Just got four Hiwin 15mm blocks from 80servo (for Z axis) - took just a week to get here, and no customs hit. Brand new for about £15 each all in. Will order some rail from MD at some point...

    Still waiting for the Y axis slides also from him...

    Also, anyone needing XLR connectors should check out this UK ebay seller. Just got a load off him - really nice quality and he does deals and combines shipping

    Picking up computer PSUs from my mate tonight - turns out 200W not 350W each but should still be more than ample with three in series.

  6. got 4 x 15mm Hiwin carriages cheap off Ebay USA
    Are they the MGWs ? I was after them myself for my bed-top cnc lathe conversion. ;)

  7. #7
    Mmm, must be different ones, mine are just HGH15C carriages: linky.

  8. In that case, I'll off the fatwa ;)

  9. #9
    Minor progress last night - opened up one of my donated Dell ATX PSUs and armed with a multimeter started looking around for the ground-to-case connection as per the various instructions around e.g. here. Aiming to link three PSUs to give a 36V 10A supply.

    Turned out to take about ten seconds - just follow the black wires back down to the PCB and there was an obvious jumper (J23) over to the case via a screw. Bit awkward getting in to cut it so ended up desoldering and pulling it out with needle nose pliers. Checking after with meter revealed it did the trick, so I did the second one as well.

    Still a bit of wiring to sort and need to get some power resistors to provide a bit of load for them to go at but that's the main hurdle over I think as far as the PSU goes.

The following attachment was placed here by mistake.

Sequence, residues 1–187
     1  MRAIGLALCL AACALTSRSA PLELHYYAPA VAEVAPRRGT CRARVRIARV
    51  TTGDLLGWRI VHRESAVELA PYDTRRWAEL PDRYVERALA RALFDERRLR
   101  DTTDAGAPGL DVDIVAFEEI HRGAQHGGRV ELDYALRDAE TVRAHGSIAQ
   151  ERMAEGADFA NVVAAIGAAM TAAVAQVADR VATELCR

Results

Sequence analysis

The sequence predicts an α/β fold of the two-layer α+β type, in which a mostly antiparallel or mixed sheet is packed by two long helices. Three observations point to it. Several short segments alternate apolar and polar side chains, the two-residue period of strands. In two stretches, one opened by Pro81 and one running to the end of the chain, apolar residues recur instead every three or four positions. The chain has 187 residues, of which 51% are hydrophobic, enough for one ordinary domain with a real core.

10. Quote Originally Posted by bikepete View Post
    Minor progress last night - opened up one of my donated Dell ATX PSUs and armed with a multimeter started looking around for the ground-to-case connection as per the various instructions around e.g. here. Aiming to link three PSUs to give a 36V 10A supply.

    Turned out to take about ten seconds - just follow the black wires back down to the PCB and there was an obvious jumper (J23) over to the case via a screw. Bit awkward getting in to cut it so ended up desoldering and pulling it out with needle nose pliers. Checking after with meter revealed it did the trick, so I did the second one as well.

    Still a bit of wiring to sort and need to get some power resistors to provide a bit of load for them to go at but that's the main hurdle over I think as far as the PSU goes.
    Doesn't need much of a load. 100mA on each +5V rail is usually sufficient (50 ohm, 2W).